FAB 3. Bucs Must Use A Premium Pick For Pass Rusher
Tampa Bay ranks dead last in the NFL with just seven sacks in six games, and there is no doubt that the Bucs will be addressing the defensive end position early in the 2018 NFL Draft.
No one would be surprised if general manager Jason Licht uses the Bucs’ first-round pick on an edge rusher, especially with Tampa Bay’s defensive ends currently combining for just two sacks this season.
Noah Spence, who suffered another dislocated shoulder in Week 3 at Minnesota and was placed on injured reserve after injuring it again in Buffalo, has one sack in the past 11 games dating back to last year, and that came in the 2017 season opener. One has to wonder what a second shoulder surgery for Spence means for his NFL career.
The other sack came from aging veteran Robert Ayers, who had his first of the year at Buffalo. That was Ayers’ second sack in the last nine games, dating back to 2016. Ayers, who will be 33 by the start of the 2018 season, likely won’t see the final year of his contract, which would pay him $5 million in base salary and $1 million in a roster bonus, as there is no dead cap charge if he’s released in the offseason.
When Licht took over as Tampa Bay’s general manager in 2014 the roster needed to be overhauled and the offense completely rebuilt. Licht has spent five draft picks on offensive linemen and wide receivers, three picks on linebackers, two picks on tight ends and two picks on running backs.
If you want to know why the Bucs’ pass rush is struggling, look no further than the fact that the team has only drafted one – Spence – in Licht’s tenure. Tampa Bay has even drafted more fullbacks (two) than defensive ends (one), and drafted as many kickers (one). The Bucs offense needed the focus, but now it’s the defense’s turn on draft day.
History shows that if a team is going to draft a pass rusher, it’s best to do so in the first or second round. A quick look at the current NFL sack leaders for each team supports that claim, as 19 former first-round picks lead their respective teams in sacks, while five second-round picks are their teams’ sack leaders.
First-Round Sack Leaders – 19
Los Angeles Chargers: Melvin Ingram – 8.5 sacks
Arizona: Chandler Jones – 8 sacks
Denver: Von Miller – 7 sacks
Carolina: Julius Peppers – 6.5 sacks
Detroit: Ezekiel Ansah – 6 sacks
New Orleans: Cameron Jordan – 5 sacks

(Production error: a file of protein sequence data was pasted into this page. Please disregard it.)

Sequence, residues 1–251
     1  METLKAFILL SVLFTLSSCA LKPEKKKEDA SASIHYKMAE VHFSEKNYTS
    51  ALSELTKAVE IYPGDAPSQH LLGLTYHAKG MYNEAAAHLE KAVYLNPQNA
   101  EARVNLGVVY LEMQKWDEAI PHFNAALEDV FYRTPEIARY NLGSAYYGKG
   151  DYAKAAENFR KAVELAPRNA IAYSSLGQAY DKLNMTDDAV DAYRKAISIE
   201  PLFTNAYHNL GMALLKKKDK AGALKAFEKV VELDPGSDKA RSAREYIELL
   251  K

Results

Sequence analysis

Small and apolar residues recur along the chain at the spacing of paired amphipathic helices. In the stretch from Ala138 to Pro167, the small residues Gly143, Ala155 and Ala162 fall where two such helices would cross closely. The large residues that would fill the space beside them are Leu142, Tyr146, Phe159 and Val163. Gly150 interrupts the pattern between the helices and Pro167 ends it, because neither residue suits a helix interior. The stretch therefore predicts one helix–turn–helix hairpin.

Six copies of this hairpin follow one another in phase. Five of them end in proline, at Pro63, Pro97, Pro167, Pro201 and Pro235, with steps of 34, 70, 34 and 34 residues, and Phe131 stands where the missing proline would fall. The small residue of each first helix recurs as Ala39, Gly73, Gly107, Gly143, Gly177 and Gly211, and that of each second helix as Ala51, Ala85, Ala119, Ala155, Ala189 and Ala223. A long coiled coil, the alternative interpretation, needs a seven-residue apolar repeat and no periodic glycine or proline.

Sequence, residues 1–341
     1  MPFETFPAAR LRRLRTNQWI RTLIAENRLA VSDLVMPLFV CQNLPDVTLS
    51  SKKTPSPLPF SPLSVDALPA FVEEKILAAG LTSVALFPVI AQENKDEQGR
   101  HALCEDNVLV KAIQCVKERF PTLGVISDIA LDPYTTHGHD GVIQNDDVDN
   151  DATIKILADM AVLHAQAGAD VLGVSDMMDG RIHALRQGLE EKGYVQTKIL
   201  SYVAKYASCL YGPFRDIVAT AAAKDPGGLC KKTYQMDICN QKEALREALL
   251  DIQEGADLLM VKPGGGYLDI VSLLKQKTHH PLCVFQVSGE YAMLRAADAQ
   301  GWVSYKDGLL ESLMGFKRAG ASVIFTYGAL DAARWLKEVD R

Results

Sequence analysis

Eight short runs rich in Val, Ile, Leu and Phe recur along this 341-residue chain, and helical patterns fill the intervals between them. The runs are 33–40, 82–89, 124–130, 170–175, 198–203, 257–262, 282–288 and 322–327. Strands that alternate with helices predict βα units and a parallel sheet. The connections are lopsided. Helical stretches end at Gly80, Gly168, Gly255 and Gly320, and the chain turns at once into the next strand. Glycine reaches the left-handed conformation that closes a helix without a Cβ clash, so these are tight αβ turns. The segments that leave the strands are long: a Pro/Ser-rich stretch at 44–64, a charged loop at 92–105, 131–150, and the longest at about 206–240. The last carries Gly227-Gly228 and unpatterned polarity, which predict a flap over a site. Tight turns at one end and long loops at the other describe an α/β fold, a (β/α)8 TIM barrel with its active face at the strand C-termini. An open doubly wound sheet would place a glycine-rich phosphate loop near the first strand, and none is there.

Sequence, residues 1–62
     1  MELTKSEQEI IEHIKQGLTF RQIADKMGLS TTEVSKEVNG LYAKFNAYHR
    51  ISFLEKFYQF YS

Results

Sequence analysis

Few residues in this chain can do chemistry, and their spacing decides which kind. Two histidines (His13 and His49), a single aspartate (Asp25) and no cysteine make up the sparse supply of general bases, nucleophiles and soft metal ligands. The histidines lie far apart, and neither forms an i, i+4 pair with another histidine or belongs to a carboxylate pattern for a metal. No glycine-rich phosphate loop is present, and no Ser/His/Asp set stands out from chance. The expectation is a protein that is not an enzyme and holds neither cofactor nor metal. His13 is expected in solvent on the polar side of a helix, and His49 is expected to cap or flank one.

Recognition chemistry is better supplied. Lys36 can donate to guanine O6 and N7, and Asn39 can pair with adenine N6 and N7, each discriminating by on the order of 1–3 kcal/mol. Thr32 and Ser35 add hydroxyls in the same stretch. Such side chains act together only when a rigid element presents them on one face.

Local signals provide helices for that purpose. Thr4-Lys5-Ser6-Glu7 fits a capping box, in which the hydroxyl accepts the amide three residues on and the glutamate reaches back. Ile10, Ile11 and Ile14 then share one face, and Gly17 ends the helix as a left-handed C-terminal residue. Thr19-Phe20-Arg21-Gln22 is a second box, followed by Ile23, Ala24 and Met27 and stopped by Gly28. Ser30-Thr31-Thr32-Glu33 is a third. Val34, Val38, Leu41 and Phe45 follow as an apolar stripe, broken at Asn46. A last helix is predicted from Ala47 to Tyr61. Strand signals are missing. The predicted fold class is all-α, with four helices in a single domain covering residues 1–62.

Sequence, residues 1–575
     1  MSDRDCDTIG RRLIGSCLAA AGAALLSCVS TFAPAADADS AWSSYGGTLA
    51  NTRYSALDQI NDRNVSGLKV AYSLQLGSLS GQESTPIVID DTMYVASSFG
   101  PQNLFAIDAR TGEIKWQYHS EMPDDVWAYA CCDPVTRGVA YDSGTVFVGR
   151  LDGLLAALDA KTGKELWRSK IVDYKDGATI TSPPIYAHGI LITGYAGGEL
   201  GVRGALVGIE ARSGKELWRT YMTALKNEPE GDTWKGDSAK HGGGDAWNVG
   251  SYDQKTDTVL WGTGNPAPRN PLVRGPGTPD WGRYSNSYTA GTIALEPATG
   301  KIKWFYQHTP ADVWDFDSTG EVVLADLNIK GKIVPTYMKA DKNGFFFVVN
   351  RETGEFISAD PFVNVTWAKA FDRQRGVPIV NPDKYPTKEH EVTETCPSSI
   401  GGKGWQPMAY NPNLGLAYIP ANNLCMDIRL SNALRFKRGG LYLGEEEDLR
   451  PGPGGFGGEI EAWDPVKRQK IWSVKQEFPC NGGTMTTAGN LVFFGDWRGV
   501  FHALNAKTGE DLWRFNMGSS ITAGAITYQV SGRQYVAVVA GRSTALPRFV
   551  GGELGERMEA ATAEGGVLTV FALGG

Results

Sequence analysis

Baltimore: Terrell Suggs – 4.5 sacks
New York Giants: Jason Pierre-Paul – 4.5 sacks
Oakland: Khalil Mack – 4.5 sacks
Tennessee: Derrick Morgan – 4.5 sacks
Cleveland: Myles Garrett – 4 sacks
Houston: Jadeveon Clowney – 4 sacks
Philadelphia: Brandon Graham – 4 sacks
Pittsburgh: T.J. Watt – 4 sacks
Pittsburgh: Cameron Heyward – 4 sacks
Green Bay: Nick Perry – 3.5 sacks
Atlanta: Vic Beasley Jr. – 3 sacks
Buffalo: Jerry Hughes – 3 sacks
Tampa Bay: Gerald McCoy – 2 sacks
Second-Round Sack Leaders – 5
Jacksonville: Calais Campbell – 10 sacks
Dallas: DeMarcus Lawrence – 9.5 sacks
Washington: Preston Smith – 4.5 sacks
New England: Kyle Van Noy – 3.5 sacks
Atlanta: Brooks Reed – 3 sacks
Third-Round Sack Leaders – 3
Chicago: Akiem Hicks – 6 sacks
Kansas City: Justin Houston – 5.5 sacks
New York Jets: Demario Davis – 2.5 sacks
Fourth-Round Sack Leaders – 5
Minnesota: Everson Griffen – 9 sacks
Cincinnati: Geno Atkins – 4 sacks
San Francisco: Elvis Dumervil – 3.5 sacks
New England: Trey Flowers – 3.5 sacks
Indianapolis: John Simon – 3 sacks
Round 5-7/Undrafted Sacks Leaders – 6
Detroit: Anthony Zettel (6th round) – 6 sacks
Miami: Cameron Wake (Undrafted) – 6 sacks
Pittsburgh: Vince Williams (6th round) – 4 sacks
Los Angeles Rams: Matt Longacre (Undrafted) – 4 sacks
Seattle: Michael Bennett (Undrafted) – 4 sacks
Tampa Bay: Clinton McDonald (7th round) – 2 sacks
At 2-4 after losing three straight games, the Bucs are currently slated to pick sixth in first round of the 2018. It’s a shame to be thinking ahead to the draft in late October rather than the postseason, but here we are, Bucs fans. Unfortunately with 10 games remaining Tampa Bay is closer to a top 5 pick in the draft than it is a playoff spot.
The top defensive end prospect is clearly North Carolina State senior Bradley Chubb, who is 6-foot-3, 275 pounds and has 6.5 sacks this year after recording 10 last year. Chubb, who could be a top 10 pick in 2018, has 44.5 tackles for loss, 21.5 sacks, five forced fumbles, four pass breakups, one fumble recovery and one interception in his Wolfpack career.